Employee experience | How to achieve complete listening in your organisation

How to achieve complete listening in your organisation

For most employers, the baseline for employee experience (EX) is the annual employee survey. It’s been a HR staple for decades. Today it is just one part of a whole landscape of EX techniques that come together to create a complete listening program. 

So how do businesses reach that ultimate point? Here’s a roadmap for your journey to complete listening, with tips and ideas from the experts. 

1. Understand your goals, and get buy-in for them

What do you want employee listening to do for you? Improve engagement, increase retention, boost productivity, or all these things and more? Setting goals, and then crystallising them with KPIs specific to your organisation, is an essential first step. 

With the benefits identified and your expectations set, you’re in a strong position to  secure buy-in. The initiative needs to be embraced at C-suite level if it’s going to gain traction. Fortunately, the relationship between EX and positive outcomes is very well-documented. There are plenty of stats and success stories available to help you make the business case

2. Set your listening program up for success

If you’re starting with an engagement survey and building on it, you need to set things up in a scalable way. Look for an experience management platform that removes as much administrative work as possible, since you may be working with a small team to start with.

Look for a service that provides analytics, visualisation features and recommendations. Good EX should go beyond just reporting results, and instead present recommended actions and predictions based on your findings in a compelling and accessible way. 

3. Take a regular pulse

With an annual survey up and running, increasing the frequency of your listening is the next stepping stone. A sixth-monthly or quarterly pulse will amplify the benefits by making insights more timely and relevant – an essential step given the speed of change in modern business.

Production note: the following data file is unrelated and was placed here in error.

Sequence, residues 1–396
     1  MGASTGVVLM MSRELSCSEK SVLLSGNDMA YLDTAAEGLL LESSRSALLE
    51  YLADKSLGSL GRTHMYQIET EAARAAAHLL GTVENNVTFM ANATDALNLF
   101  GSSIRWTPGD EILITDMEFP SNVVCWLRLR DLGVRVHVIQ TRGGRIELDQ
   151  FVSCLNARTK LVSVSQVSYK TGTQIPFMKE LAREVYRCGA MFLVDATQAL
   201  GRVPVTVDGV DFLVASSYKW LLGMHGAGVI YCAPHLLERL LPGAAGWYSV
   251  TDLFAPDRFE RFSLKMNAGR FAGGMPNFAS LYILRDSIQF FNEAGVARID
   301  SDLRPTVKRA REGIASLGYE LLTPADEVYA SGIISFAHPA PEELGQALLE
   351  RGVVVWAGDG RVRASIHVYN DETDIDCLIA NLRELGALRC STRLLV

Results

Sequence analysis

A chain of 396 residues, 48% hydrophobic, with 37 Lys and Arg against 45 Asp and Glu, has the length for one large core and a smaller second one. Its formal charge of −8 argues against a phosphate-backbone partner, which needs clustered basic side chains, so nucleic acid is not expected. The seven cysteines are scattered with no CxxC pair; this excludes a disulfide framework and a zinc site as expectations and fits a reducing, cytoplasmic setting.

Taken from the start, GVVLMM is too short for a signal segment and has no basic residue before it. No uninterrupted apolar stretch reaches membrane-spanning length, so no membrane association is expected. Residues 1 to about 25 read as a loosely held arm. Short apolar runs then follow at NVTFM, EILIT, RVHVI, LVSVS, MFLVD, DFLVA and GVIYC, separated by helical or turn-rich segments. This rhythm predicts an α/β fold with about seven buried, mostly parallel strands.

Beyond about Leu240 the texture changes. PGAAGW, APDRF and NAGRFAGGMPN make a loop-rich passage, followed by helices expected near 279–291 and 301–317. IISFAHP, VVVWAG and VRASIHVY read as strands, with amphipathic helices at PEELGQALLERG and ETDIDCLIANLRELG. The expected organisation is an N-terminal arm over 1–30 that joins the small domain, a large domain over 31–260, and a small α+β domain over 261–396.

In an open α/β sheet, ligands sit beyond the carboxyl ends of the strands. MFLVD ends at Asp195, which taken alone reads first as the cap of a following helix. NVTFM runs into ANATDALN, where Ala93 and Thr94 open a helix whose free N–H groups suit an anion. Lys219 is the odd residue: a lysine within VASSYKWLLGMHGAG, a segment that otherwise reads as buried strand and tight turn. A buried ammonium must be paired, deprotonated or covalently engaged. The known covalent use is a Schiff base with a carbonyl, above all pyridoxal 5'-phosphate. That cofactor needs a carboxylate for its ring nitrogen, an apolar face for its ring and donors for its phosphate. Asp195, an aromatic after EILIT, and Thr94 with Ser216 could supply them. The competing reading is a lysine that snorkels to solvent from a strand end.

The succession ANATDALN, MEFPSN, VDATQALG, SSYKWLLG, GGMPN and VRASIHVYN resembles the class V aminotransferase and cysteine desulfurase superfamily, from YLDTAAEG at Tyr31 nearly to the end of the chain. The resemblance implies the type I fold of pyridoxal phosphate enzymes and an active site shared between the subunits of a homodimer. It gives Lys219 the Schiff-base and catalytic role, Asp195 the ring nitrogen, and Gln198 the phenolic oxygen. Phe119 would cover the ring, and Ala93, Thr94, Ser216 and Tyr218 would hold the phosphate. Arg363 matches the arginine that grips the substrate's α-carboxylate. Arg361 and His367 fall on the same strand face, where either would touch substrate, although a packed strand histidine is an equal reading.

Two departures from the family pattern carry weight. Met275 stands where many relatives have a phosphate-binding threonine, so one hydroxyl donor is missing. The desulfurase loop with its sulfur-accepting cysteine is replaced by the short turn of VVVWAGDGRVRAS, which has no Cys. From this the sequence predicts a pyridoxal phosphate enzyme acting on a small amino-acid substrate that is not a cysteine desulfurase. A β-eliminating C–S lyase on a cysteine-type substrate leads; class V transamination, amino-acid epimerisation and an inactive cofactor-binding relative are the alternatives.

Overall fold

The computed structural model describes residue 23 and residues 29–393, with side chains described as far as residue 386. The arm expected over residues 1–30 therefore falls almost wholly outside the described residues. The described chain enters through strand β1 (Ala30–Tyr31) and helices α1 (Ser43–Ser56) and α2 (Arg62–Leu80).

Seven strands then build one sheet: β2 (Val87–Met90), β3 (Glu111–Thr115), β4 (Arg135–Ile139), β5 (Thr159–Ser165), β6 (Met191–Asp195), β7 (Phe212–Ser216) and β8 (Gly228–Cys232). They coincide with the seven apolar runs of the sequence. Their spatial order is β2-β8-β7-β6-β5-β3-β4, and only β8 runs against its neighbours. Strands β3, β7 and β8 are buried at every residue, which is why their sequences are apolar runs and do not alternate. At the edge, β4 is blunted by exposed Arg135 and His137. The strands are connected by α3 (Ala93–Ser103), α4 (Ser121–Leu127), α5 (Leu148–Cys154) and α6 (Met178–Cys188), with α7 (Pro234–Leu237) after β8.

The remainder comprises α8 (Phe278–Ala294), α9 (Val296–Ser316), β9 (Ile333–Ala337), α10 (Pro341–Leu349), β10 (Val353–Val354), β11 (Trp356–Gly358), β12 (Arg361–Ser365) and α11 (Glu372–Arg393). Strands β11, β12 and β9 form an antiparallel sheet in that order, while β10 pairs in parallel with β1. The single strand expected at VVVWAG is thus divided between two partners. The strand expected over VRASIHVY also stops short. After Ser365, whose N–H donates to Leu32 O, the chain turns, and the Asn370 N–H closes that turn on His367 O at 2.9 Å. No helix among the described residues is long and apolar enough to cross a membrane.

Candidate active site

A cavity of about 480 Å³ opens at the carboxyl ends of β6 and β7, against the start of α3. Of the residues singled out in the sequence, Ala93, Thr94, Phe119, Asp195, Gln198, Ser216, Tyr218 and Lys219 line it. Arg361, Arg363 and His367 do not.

Surveying more frequently doesn’t have to mean rolling out the entire annual questionnaire every time. You can use short, focused pulse surveys to keep track of some essential measurements like engagement, overall experience and intent to stay, and to gather feedback in context, for example after a recent HR initiative or industry change. 

Survey fatigue is a reality, but regular pulse surveys shouldn’t pose a problem if they are executed well. In fact, data shows that 77% of employees want to give feedback more than once a year. 

4. Measure moments that matter across the employee lifecycle

So far we’ve talked about listening at set points across the year. But what about the high-impact moments in the employee lifecycle? Listening to employee feedback at the onboarding stage, at exit interviews and at the candidate stage can uncover some powerful levers for improving the employee experience.

At this stage, your experience management platform can really come into its own, since this type of contextual listening can be made an automatic part of the employee journey, and added to your wider listening programme to give you a richer and more dimensional understanding of what’s happening. You can also weave in data from your employee development and employee benefits programmes. 

5. Go beyond employee experience

At this point, listening has become second nature, seamlessly integrated across the whole employee journey. But listening is only effective if you take action to address feedback and improve the employee experience. 

The most mature organisations also apply their listening advantage to other areas, such as customer experience and IT, to provide a truly complete listening system that enables both immediate action and long-term growth and development. 

For more insights on how to achieve complete listening, please visit our website

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Acting on employee feedback is the number one way to attract, retain and engage top talent, with leaders reporting 3x more revenue per employee and 40% lower turnover. But here’s the catch: only 19% of UK employees say their organisation listens to their opinions. Qualtrics helps brands like Coca-Cola, Microsoft and Barclays to close that experience gap, enabling them to design and improve experiences across the employee lifecycle - from recruitment through to exit.